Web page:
Robert Mayo

Robert P. Mayo (March 15, 1916 – January 25, 2003) was a director of the United States' Office of Management and Budget from January 22, 1969 until June 30, 1970. He was the last person to lead this agency under its former name of the Bureau of the Budget.

Bob Mayo
President of the Federal Reserve Bank of Chicago
In office
July 29, 1970 – April 1, 1981
Preceded byCharles Scanlon
Succeeded bySilas Keehn
18th Director of the Bureau of the Budget
In office
January 22, 1969 – June 30, 1970
PresidentRichard Nixon
Preceded byCharles Zwick
Succeeded byGeorge P. Shultz (Office of Management and Budget)
Personal details
Born(1916-03-15)March 15, 1916
Seattle, Washington, U.S.
DiedJanuary 25, 2003(2003-01-25) (aged 86)
Elgin, Illinois, U.S.
Political partyRepublican
EducationUniversity of Washington, Seattle (BA, MA)

Mayo was born in Seattle, Washington, the only child of Carl Asa and Edna Alberta (Nelson) Mayo.[1] He attained a bachelor's degree in business from the University of Washington in 1937 and earned a master's degree in economics from the school in 1938. He found employment with the Washington State Tax Commission as an auditor; he was soon promoted to become the organization's director of research.[2]

In 1941, Mayo joined the staff of the Department of Treasury. He began his work as an economic analyst. He eventually rose to the rank of assistant to the Secretary of Treasury for debt management. He left government in 1961 to serve as vice president of Continental Illinois Bank with former colleague David M. Kennedy, who worked with him in the Department of Treasury. Mayo supervised the public affairs and trust investment operations of the bank. He also was a leader in efforts to develop black capitalism in Chicago.[3] [4]

Known for his detail orientation and conservative views on spending from his time in Washington, Mayo was chosen in 1969 by incoming President Richard Nixon to develop his initial policy budgets; Mayo was considered to be a proponent of Nixon's black capitalism programs, which were designed to boost the economic fortunes of African Americans through loans and investment in black-owned business.[5] Mayo rubbed Nixon the wrong way and also bored the president during long meetings. Nixon soon took to avoiding meetings with him altogether until Mayo demanded a meeting, which the president granted in March 1970. At the meeting, Mayo made the mistake of complaining that John Ehrlichman, who was Nixon's chief domestic adviser, was ostensibly intruding on his turf and threatened to resign if his relations with the president didn’t improve, leading Nixon to conclude "I guess Mayo has got to go."[6] In July 1970, Nixon appointed Mayo as head of the Federal Reserve Bank of Chicago, which allowed him to return to his adopted hometown. He retired from this role in 1981. At the time of his death in 2003, he was a board member of the Chicago YMCA.[7]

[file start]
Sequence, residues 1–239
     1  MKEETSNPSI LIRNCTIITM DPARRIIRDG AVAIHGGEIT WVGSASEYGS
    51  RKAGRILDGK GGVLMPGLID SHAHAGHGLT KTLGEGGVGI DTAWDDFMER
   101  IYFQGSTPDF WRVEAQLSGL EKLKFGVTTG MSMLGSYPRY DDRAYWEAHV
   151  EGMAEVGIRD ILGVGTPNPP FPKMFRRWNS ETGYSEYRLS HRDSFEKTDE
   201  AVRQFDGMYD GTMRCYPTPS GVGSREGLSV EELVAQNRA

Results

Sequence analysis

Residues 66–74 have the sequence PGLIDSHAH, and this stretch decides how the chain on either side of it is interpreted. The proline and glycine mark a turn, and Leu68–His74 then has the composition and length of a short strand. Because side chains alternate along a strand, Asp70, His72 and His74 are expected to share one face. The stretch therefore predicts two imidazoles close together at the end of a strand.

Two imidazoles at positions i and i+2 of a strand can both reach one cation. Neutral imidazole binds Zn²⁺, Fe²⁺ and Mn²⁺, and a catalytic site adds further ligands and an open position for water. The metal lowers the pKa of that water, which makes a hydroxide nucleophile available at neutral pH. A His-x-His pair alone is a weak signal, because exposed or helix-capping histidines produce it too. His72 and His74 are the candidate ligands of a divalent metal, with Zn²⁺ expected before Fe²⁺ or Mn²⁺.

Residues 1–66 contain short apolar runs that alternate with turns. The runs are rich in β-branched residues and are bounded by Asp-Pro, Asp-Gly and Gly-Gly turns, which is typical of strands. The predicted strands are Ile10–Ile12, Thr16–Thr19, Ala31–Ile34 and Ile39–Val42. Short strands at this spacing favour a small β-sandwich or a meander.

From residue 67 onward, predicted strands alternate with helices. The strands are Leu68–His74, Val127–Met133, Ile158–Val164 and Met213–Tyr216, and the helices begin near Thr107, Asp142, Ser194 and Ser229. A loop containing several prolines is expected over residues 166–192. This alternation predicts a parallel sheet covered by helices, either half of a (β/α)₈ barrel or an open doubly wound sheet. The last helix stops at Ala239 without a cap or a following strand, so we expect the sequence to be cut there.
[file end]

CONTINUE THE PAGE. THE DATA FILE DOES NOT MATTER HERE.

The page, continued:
1. ^ "Mayo, Robert P(orter)". Current Biography. The H. W. Wilson Company. 1970. p. 282.
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  3. ^ "Mayo, Robert P(orter)".Current Biography. The H. W. Wilson Company. 1970. p. 282.
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  6. ^ Matusow, Allen J. (1998). Nixon's Economy: Booms, Busts, Dollars, & Votes. Lawrence, Kan.: University Press of Kansas. p. 11. ISBN 0-7006-0888-5. OCLC 37975682.
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Political offices
Preceded by
Charles Zwick
Director of the Bureau of the Budget
Succeeded by
George P. Shultz
as Director of the Office of Management and Budget